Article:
Today is election day. Or is it Election Day?
Facebook just told me that more than 3 million people on Facebook have voted or plan to vote today.
Facebook also told me that someone is a hypocrite.
I know: right? Newsflash! There’s a hypocrite among us!
It so happens that I didn’t like that particular accusation showing up on my newsfeed because I happen to respect the person who was therein proclaimed a hypocrite.
Is that person a hypocrite? It is very likely that he is.
All of us are. Well, perhaps not quite all of us. But there are a lot more hypocrites than non-hypocrites.
So I posted on facebook, in response, “Let the one who is without hypocrisy cast the first condemnation.”
But that wasn’t enough. No, my mind was far from finished with that!
Members of my church were split. Some were offended.
I changed the ad the next week back to some generic “we are a church” info.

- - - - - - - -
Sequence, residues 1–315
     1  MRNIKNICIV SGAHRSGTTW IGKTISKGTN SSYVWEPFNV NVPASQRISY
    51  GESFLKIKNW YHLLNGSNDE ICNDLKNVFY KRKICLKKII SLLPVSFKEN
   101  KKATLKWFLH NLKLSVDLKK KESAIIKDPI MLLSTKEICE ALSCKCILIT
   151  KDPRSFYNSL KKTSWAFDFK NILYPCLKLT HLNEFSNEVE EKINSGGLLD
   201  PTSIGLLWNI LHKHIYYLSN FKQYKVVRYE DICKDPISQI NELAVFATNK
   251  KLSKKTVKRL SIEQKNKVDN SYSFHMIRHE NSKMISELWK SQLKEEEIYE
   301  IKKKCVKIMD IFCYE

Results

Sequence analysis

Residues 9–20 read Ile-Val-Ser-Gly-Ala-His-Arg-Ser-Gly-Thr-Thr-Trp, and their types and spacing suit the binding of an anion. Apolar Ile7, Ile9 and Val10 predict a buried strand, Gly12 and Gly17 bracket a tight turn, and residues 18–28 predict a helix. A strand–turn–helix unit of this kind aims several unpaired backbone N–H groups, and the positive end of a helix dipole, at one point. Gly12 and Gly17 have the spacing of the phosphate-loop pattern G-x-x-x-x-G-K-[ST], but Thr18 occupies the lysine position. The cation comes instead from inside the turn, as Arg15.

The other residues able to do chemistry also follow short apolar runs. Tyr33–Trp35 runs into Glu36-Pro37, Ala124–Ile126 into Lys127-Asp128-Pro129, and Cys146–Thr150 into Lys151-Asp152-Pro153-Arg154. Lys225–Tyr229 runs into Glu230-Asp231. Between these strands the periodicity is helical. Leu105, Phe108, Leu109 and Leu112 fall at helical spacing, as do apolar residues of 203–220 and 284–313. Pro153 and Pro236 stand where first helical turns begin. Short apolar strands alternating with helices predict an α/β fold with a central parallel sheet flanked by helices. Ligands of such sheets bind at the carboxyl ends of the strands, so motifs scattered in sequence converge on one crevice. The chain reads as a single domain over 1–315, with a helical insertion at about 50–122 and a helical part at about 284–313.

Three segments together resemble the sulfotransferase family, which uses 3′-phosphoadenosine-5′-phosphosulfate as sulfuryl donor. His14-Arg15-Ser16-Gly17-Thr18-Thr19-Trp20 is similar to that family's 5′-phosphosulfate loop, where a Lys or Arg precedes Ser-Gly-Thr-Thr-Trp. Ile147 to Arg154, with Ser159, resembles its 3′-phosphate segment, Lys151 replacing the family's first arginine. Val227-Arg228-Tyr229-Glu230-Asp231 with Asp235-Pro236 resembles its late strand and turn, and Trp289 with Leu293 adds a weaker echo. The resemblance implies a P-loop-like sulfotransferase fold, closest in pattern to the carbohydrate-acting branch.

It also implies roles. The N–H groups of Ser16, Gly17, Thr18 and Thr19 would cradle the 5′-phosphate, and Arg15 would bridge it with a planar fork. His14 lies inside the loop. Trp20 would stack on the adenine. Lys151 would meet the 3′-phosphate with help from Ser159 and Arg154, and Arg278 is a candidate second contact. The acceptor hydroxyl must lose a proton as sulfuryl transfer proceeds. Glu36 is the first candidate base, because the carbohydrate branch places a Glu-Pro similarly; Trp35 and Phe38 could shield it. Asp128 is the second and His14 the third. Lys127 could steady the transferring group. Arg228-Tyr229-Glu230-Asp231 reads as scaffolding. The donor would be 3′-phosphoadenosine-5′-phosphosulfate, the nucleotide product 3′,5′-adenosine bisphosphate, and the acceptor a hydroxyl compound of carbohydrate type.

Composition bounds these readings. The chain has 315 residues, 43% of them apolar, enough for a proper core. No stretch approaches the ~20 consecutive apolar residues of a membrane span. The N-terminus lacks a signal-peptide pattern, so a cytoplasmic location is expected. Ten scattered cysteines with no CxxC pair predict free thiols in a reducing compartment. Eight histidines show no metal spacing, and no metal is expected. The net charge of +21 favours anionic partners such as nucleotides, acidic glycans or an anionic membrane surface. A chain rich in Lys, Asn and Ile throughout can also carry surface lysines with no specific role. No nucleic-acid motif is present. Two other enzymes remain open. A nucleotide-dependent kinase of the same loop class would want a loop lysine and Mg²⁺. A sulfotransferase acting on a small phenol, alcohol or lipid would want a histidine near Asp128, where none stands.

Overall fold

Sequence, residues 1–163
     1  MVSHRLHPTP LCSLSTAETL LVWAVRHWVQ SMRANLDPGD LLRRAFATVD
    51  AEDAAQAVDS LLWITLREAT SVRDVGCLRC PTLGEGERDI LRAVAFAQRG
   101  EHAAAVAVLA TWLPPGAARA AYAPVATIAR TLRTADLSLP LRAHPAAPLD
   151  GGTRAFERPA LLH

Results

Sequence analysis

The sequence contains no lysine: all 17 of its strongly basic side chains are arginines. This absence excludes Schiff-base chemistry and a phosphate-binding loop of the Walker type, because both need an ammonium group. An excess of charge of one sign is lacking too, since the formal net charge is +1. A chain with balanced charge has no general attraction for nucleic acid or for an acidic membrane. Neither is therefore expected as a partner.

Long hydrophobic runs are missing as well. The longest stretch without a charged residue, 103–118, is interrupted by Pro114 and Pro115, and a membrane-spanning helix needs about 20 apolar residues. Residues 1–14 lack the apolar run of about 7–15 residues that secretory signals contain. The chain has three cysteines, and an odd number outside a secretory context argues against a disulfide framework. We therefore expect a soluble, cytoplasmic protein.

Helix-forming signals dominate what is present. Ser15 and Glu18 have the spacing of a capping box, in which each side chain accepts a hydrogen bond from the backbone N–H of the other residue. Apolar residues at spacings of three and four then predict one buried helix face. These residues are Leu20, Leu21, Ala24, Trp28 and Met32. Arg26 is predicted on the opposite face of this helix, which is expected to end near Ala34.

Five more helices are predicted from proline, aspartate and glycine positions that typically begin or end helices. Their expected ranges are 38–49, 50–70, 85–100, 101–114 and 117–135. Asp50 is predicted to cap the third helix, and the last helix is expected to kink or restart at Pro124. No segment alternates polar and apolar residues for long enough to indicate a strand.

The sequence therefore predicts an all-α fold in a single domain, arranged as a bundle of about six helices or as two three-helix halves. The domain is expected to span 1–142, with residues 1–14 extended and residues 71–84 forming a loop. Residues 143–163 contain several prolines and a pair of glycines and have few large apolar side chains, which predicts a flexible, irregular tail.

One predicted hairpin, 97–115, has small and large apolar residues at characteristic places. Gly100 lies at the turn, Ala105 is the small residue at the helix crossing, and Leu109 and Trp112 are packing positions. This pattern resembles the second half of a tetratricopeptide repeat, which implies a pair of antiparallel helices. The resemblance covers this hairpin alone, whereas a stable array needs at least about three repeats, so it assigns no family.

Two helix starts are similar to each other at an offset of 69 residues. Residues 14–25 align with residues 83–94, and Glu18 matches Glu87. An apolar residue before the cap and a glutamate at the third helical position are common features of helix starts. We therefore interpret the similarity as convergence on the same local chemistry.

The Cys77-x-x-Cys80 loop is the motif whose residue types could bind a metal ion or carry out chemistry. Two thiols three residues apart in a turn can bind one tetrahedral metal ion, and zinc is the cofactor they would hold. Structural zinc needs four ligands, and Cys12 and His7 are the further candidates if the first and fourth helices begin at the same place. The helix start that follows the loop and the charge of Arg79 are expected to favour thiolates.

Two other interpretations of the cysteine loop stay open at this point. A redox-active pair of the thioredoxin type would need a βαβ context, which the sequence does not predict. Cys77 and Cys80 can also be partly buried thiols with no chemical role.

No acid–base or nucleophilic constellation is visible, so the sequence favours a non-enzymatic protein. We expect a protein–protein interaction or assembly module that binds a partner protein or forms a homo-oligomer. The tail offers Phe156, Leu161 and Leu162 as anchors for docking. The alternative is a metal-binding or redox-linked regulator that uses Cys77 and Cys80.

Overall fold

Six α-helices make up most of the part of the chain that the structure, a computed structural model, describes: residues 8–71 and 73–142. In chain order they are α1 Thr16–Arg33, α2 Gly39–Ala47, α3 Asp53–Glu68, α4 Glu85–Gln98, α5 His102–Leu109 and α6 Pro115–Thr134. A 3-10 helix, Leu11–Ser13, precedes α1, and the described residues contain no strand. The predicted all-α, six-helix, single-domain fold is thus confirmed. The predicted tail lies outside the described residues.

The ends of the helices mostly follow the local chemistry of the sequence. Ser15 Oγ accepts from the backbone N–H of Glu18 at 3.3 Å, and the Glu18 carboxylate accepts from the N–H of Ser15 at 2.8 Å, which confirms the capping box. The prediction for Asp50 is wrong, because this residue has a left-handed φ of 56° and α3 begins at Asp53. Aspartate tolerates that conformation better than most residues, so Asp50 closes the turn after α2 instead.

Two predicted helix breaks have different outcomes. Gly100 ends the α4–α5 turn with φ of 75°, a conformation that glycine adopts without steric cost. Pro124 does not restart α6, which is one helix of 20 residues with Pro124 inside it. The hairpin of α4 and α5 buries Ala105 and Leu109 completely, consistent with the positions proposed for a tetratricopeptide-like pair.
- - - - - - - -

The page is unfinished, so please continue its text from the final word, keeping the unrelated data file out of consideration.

But I stood by my point, and do so today, on election day, in church or on the street or at City Hall.
We are ALL hypocrites.
Then I began to think about the value of pointing out someone else’s hypocrisy. If we are all hypocrites, and we are, then the primary value of pointing out, calling attention to someone else’s hypocrisy is to keep people from noticing your own.
Projection is what the professionals call it.
And most of us are really, really good at projection.
So, if you haven’t voted yet, please consider this when you vote today, or next year, or whenever: vote FOR the hypocrite you approve of rather than against the hypocrite you don’t like.
In fact, maybe we would all be better off dealing with our own hypocrisy and using other criteria for political choices.
Important final note: to those of you who will comment to tell me that the hypocrisy of the person you can’t stand rises far above the hypocrisy of the person you voted for: project on. It’s gotten you this far.